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Nigeria inflation rises by 18.3 per cent in October

By The Rainbow
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Annual inflation in Nigeria accelerated in October to 18.3 percent from 17.9 percent a month earlier, the National Bureau of Statistics (NBS) said on Monday.

A separate index for food rose to 17.1 percent from September’s 16.6 percent, the statistics office said. Nigeria, which has Africa’s biggest economy, is in recession for the first time in more than 20 years.

The recent figure is the country's highest in 11 years.

The Food Index rose by 17.1 percent (year-on-year) in October, up by 0.47 percent points from 16.6 percent recorded in September. During the month, all major food groups which contribute to the Food sub-index increased with Fruits recording the slowest pace of increase at 11.5 percent.

Price movements recorded by the All Items less farm produce or Core sub-index rose by 18.1 percent (year-on-year) in October, up by 0.4 percent points from rates recorded in September (17.7 percent). During the month, the highest increases were seen in Housing, Water, Electricity, Gas and Other Fuels as well as, fuels and lubricants for personal transport equipment and Education.

Significant price movement under the Core Sub-index was also recorded for Clothing and Footwear, which recorded as increase of 17.8 percent year on year. The groups with least growth pace recorded in October were Communication (5.7 percent), Restaurants and Hotels (9.4 percent) and Recreation and Culture (10.3 percent).

On a month-on-month basis, the Headline index rose by 0.83 percent in October, higher from the rate recorded in September (0.81 percent).

The Urban index rose by 19.9 percent (year-on-year) in October from 19.5 percent recorded in September, and the Rural index increased by 16.95 percent in October from 16.4 percent in September.

On month-on-month basis, the Urban index rose by 0.81 percent in October from 0.79 percent recorded in September, while the Rural index rose by 0.84 percent in October from 0.83 percent in September.

The percentage change in the average composite CPI for the twelve-month period ending in October 2016 over the average of the CPI for the previous twelve-month period was 14.2 percent, higher from 13.5 percent recorded in September.

The corresponding twelve-month year-on-year average percentage change for the urban index increased from 14.4 percent in September to 15.3 percent in October, while the corresponding rural index also increased from 12.6 percent in September to 13.3 percent in October.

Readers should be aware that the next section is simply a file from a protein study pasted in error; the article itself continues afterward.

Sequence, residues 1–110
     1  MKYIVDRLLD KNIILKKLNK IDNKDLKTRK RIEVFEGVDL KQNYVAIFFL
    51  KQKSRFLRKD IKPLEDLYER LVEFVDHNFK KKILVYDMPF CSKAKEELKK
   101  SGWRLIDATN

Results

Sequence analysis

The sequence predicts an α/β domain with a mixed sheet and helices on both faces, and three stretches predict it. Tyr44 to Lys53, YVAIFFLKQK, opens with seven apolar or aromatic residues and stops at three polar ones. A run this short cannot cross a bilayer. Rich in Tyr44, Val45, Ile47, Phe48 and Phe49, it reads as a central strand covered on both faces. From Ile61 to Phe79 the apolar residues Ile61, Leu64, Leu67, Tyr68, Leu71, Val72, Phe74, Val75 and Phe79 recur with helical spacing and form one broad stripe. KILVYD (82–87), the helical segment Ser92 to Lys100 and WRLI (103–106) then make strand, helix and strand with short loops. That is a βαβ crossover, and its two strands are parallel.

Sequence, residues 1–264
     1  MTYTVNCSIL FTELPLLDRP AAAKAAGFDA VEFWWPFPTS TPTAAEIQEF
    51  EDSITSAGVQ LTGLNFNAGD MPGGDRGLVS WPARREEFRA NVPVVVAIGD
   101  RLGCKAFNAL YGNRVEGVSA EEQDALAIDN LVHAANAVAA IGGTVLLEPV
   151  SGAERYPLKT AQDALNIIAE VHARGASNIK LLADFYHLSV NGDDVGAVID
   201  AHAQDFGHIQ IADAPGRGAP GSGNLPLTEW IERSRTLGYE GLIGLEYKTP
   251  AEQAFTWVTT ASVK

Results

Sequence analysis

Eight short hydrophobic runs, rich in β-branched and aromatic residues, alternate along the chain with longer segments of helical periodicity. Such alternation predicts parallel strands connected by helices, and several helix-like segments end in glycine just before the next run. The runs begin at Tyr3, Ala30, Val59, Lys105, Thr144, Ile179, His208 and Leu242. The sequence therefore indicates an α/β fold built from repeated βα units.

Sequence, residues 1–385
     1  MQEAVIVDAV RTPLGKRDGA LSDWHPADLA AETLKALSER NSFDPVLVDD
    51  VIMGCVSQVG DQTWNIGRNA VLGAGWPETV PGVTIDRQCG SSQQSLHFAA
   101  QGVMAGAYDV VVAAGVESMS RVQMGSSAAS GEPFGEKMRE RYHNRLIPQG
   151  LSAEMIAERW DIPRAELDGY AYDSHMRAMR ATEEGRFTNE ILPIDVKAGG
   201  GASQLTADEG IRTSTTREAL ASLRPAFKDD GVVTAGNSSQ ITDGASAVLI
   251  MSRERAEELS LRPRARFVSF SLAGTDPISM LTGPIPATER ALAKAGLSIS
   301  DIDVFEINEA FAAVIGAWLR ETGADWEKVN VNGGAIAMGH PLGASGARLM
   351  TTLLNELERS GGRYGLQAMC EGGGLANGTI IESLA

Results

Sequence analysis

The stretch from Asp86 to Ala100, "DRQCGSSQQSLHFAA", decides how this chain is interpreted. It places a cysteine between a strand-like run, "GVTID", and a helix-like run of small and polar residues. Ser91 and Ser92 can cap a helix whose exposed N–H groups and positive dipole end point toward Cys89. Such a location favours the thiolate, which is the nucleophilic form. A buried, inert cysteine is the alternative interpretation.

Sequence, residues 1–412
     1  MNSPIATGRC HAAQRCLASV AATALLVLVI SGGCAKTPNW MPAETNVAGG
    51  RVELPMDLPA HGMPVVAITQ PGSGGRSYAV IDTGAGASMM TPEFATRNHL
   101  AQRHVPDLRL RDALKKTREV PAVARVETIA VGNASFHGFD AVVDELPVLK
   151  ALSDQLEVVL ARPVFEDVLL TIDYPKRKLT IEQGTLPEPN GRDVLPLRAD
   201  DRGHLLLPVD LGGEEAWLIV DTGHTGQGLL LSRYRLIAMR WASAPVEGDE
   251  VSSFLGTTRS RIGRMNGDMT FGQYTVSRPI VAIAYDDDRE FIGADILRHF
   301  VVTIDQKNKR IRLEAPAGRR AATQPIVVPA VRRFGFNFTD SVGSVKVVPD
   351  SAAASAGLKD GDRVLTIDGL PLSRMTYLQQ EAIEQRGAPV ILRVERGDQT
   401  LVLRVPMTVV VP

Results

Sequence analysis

Food Index
The Composite Food Index rose by 17.1 percent in October 2016. The rise in the index was caused by increase in prices of Bread and Cereal, Fish, and Meat.

On a month-on-month basis, the Food sub-index increase by 0.86 percent in October from 0.81 percent recorded in September.

The average annual rate of change of the Food sub-index for the twelve-month period ending in October 2016 over the previous twelve-month average was 13.82 percent, 0.58 percent points from the average annual rate of change recorded in September (13.24 percent).

All Items Less Farm Produce
The ''All Items Less Farm Produce'' or Core sub-index, which excludes the prices of volatile agricultural produce increased by 18.1 percent during the month, 0.4 percent points from 17.7 percent recorded in September as all key divisions which contributes to the index increased.

On a month-on-month basis, the Core sub-index rose by 0.75 percent in October, down by 0.21 percent points from 0.96 percent recorded in September. The highest increases were seen in Housing, Water, Electricity, Gas and Other Fuels as well as, fuels and lubricants for personal transport equipment and Education.

The average 12-month annual rate of rise of the index was recorded at 13.76 percent for the twelve-month period ending in October 2016, 0.78 percent points higher from the twelve-month rate of change recorded in September.

President Muhammadu Buhari has repeated his government's focus is on diversifying the economy to promote exports and grow jobs.

He also aims to increase capital investment in the economy through the fiscal budgetary process to drive growth.

Nigeria was last in a recession, for less than a year, in 1991, and experienced a prolonged one that started in 1982 and last until 1984.

The government has so far disbursed more than 700 billion naira in capital expenditure this year, part of a record 6.06 trillion naira ($30 billion) budget for 2016.